Monday HCRP and I are going to get back in the gym.
He can do whatever he wants. I’ll be limited to a recumbent bike for cardio *rolls eyes* and lower body strength training. But it’s better than nothing at all. While we’re at my in-laws for Christmas I’m going to do Yoga as much as I can without pain. Once we get back home we’re changing gyms to one that has a pool and both an indoor and lighted outdoor track.
We both realize the absolute requirement of cross training – strength training in particular. The lighted outdoor track is a huge plus because of shorter winter days combined with the fact that our regular running trails close at sunset and our subdivision lacks streetlights (like at all) and consistent sidewalks.
So that’s where things are in my middle-aged, post-op, currently not running life.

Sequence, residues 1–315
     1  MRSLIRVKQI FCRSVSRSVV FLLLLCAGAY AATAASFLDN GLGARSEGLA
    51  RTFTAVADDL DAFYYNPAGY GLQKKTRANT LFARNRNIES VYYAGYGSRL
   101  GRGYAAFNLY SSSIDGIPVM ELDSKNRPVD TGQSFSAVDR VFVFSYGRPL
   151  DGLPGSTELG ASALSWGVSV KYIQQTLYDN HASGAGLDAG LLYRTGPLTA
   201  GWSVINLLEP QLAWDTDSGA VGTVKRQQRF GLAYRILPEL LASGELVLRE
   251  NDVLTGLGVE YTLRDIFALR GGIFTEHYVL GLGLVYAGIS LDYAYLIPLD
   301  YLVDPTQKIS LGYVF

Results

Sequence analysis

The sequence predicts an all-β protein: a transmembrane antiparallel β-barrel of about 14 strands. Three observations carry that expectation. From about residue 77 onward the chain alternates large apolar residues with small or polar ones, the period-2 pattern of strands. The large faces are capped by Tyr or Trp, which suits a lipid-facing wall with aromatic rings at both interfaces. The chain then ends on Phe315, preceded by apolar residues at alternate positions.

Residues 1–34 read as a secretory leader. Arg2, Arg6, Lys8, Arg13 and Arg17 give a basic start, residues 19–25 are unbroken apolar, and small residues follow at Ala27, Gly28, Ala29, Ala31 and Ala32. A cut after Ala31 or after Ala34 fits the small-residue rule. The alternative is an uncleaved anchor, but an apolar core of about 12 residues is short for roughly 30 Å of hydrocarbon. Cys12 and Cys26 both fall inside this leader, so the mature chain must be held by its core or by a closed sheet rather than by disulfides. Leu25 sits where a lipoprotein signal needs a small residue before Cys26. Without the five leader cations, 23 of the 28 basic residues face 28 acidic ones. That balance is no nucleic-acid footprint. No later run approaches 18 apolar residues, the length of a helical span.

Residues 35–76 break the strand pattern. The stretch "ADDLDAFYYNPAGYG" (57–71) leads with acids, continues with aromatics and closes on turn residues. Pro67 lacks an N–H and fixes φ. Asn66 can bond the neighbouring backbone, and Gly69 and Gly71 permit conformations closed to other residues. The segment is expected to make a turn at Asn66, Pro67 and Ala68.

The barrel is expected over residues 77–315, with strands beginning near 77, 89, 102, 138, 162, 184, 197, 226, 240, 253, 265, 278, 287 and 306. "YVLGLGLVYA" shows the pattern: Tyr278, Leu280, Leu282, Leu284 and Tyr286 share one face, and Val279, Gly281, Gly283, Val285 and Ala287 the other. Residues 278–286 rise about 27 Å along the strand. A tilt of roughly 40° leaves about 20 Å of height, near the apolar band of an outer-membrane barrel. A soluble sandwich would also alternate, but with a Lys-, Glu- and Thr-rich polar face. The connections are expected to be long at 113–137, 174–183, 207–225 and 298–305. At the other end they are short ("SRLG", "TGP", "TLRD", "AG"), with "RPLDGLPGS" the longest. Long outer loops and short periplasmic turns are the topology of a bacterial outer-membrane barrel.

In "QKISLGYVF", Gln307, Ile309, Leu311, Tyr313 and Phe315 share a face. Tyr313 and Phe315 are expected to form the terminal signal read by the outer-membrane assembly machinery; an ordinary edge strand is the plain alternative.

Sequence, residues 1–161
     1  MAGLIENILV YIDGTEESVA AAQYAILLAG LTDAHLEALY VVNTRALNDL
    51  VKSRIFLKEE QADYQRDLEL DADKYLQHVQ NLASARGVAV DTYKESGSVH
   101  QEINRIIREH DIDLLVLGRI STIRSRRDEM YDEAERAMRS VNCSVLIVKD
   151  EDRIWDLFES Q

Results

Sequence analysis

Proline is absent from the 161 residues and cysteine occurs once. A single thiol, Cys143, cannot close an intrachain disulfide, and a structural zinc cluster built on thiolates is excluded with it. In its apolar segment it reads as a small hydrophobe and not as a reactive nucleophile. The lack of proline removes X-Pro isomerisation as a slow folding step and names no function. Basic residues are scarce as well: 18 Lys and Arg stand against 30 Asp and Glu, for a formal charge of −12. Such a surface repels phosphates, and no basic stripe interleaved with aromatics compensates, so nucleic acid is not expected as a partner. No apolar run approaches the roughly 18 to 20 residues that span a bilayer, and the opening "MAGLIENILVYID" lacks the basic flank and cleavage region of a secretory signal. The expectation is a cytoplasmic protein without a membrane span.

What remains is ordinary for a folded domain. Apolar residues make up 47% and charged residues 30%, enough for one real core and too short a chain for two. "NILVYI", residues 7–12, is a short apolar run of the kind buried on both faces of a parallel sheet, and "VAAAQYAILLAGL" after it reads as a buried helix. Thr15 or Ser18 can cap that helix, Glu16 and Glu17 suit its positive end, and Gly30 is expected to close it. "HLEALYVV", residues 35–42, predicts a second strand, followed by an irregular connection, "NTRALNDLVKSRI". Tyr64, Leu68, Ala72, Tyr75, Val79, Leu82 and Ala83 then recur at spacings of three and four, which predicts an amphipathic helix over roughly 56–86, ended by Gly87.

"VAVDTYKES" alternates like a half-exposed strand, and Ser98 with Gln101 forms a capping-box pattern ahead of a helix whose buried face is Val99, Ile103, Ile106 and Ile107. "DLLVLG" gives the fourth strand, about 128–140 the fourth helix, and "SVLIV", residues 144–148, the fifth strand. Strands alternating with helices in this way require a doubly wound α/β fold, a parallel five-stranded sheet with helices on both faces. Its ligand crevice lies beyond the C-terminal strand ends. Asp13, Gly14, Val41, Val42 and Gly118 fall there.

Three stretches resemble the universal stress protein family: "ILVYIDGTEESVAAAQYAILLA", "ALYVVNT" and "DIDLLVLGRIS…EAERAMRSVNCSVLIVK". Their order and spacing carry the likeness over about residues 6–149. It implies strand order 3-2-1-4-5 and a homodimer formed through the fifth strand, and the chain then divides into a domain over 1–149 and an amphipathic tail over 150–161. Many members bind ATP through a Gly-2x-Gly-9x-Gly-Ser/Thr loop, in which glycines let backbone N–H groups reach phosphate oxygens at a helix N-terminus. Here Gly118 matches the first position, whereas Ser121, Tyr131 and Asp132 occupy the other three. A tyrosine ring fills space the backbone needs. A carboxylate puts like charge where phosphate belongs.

In Running News I’m weighing the pros and cons of Jeff Galloway’s and Hal Higdon’s respective Marathon Training programs and starting to plan next year’s running goals.
No more of this just running willy nilly for the sake of it for me! I have G-O-A-L-S.
I’m notsomuch looking to break any particular times. Okay that’s kind of a lie.
I would like to get my 5K finish time down to 30 minutes. Less would be good too, but I’ll be good with a consistent 30 minute finish time. Which will of course make for a nice, clean, well-rounded 60 minute 10K finish time.
I’m good with a 3 hour half-marathon time. That allows for enjoying the venue as well as the run itself.
My first Full will be next year’s St. Jude Marathon in December. I could be ready to do one sooner, but I don’t intend to make marathons a regular ‘thing’ so I’m reserving them for St. Jude and Ronald McDonald House supporting events.
So that’s how things are and where I’ve been.
How’s things with you?